Hi Fly, it sounds like this buyer has definitely moved on. I don't think it is safe to assume that your broker or the requests that you made, were the reason that they decided to look elsewhere. It is actually surprisingly common for buyers to get cold feet. If they were truly committed to your house from the beginning, a brief delay for a clean offer and review should not have been enough to make them skittish. It can be frustrating negotiating at arm's length because it is sometimes difficult to get an accurate read on what is happening. However, if these folks jumped ship at such a small request, I am afraid they might have been real trouble for you in inspections or in obtaining loan commitment. By then, the house would be showing as "Under Agreement" and "Back on the Market" in the MLS system, which always makes subsequent buyers ask - what went wrong?.
A couple of other thoughts, it is common in the area of MA where I practice for the expiration date on the offer to be seen as more of a goal than a specific technical deadline. If both parties are happy with the terms presented, and we are moving along, then it is not usually seen by either party as a crisis if the offer is not signed by the expiration date. Of course, the date and time of expiration can become critical in multiple offer situations, but it doesn't sound like that is what you were dealing with. Also, it is unusual, again, in my experience, to have an offer reviewed by attorney's for either side before being signed. The offer usually used is the boiler plate, fill in the blanks variety which doesn't leave us lay people too much room for legal wrangling. We usually leave that to the drafting of the Purchase and Sale contract, which the attorneys for both sides are very involved in. Was there something specific in this offer which was making you nervous? If not, and you just are the kind of folks who like to have your t's crossed and i's dotted - then I would recommend reviewing the offer forms used in your area with your attorney, before any new offers arrive. This way, when the next offer comes in, you will be comfortable with the terms and will be able to act quickly.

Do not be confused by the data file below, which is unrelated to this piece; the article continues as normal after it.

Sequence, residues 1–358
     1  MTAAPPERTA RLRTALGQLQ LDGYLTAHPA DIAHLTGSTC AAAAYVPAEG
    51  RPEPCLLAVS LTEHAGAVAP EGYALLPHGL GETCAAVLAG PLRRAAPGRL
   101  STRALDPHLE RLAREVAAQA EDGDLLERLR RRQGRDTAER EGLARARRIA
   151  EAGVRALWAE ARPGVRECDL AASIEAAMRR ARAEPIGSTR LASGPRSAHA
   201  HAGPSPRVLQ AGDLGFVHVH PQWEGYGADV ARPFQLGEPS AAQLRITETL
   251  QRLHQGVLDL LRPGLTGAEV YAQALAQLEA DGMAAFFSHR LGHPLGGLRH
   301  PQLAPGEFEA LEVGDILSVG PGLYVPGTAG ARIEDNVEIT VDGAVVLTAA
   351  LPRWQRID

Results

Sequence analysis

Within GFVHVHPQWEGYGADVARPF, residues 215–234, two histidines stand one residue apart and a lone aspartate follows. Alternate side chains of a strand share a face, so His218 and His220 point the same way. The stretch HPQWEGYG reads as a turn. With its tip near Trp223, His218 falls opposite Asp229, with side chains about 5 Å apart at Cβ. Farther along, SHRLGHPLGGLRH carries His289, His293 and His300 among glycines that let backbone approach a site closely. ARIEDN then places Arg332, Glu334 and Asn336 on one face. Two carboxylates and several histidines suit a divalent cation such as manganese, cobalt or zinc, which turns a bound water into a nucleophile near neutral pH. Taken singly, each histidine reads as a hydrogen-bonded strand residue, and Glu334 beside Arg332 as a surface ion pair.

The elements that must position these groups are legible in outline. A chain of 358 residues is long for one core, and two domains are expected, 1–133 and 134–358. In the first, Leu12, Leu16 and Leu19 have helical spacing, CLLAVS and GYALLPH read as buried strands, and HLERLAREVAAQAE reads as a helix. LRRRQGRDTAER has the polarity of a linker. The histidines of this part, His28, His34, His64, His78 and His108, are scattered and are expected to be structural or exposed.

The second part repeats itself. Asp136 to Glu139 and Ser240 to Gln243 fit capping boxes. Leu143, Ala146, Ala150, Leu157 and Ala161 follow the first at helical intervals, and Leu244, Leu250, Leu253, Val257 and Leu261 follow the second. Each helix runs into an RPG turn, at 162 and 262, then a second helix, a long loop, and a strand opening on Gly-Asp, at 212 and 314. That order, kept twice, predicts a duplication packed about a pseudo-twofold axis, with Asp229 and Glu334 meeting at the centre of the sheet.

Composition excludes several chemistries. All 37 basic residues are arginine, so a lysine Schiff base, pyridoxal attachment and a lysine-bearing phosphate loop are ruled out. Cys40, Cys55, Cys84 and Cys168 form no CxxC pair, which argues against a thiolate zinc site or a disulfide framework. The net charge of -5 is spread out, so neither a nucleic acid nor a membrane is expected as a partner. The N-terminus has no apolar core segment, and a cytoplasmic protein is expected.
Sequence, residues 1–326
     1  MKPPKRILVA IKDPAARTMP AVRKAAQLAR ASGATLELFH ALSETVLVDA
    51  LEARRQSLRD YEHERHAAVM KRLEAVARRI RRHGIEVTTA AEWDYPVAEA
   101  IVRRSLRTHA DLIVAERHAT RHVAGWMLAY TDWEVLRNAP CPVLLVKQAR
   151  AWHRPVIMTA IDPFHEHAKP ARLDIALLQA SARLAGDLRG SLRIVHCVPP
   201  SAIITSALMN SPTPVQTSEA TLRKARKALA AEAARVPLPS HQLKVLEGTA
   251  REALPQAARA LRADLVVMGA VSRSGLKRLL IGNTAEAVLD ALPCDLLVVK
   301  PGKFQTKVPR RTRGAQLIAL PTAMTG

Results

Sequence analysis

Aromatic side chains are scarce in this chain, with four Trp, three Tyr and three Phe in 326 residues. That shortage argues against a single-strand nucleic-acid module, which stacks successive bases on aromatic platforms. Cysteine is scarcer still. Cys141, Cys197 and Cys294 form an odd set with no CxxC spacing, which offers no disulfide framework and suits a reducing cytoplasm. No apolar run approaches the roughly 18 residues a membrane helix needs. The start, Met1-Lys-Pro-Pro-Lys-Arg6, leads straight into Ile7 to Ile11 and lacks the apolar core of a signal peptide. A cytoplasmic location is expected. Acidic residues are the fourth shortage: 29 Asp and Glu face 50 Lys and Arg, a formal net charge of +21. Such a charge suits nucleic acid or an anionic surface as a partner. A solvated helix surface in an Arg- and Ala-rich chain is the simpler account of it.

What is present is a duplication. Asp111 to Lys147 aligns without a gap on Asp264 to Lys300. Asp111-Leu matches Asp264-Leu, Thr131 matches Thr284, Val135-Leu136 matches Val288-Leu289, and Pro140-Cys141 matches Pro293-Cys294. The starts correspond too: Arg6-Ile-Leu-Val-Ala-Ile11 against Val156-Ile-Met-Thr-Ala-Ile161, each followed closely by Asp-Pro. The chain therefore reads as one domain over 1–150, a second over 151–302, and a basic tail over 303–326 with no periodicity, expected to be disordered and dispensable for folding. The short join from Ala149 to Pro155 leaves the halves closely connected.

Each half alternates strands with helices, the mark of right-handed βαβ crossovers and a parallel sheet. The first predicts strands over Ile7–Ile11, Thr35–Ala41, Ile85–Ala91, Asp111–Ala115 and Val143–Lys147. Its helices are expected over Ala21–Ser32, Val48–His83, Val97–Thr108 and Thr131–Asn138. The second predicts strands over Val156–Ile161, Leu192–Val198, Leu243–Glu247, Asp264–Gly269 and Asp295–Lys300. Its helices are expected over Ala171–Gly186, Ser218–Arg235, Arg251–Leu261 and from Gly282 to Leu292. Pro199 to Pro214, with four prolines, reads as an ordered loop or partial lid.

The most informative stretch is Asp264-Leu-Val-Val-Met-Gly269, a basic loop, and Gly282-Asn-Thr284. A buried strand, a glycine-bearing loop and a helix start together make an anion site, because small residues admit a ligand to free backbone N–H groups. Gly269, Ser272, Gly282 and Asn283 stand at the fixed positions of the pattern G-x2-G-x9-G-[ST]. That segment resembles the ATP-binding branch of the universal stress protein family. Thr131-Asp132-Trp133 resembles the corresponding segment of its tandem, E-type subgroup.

Again, I don't think we have enough information to lay blame at either the brokers actions or at yours. Look at the positives of the situation instead - she(or he) brought you a buyer, willing to make an offer which was in the right ballpark. So pricing and the marketing plan are not a problem. I would hang in there a little longer, be clear that you were disappointed with the way this played out, and with what steps you will both take to avoid this in the future. Have faith that for whatever reason, this was not meant to be and there is a better buyer out there for you. Best Wishes, Stacey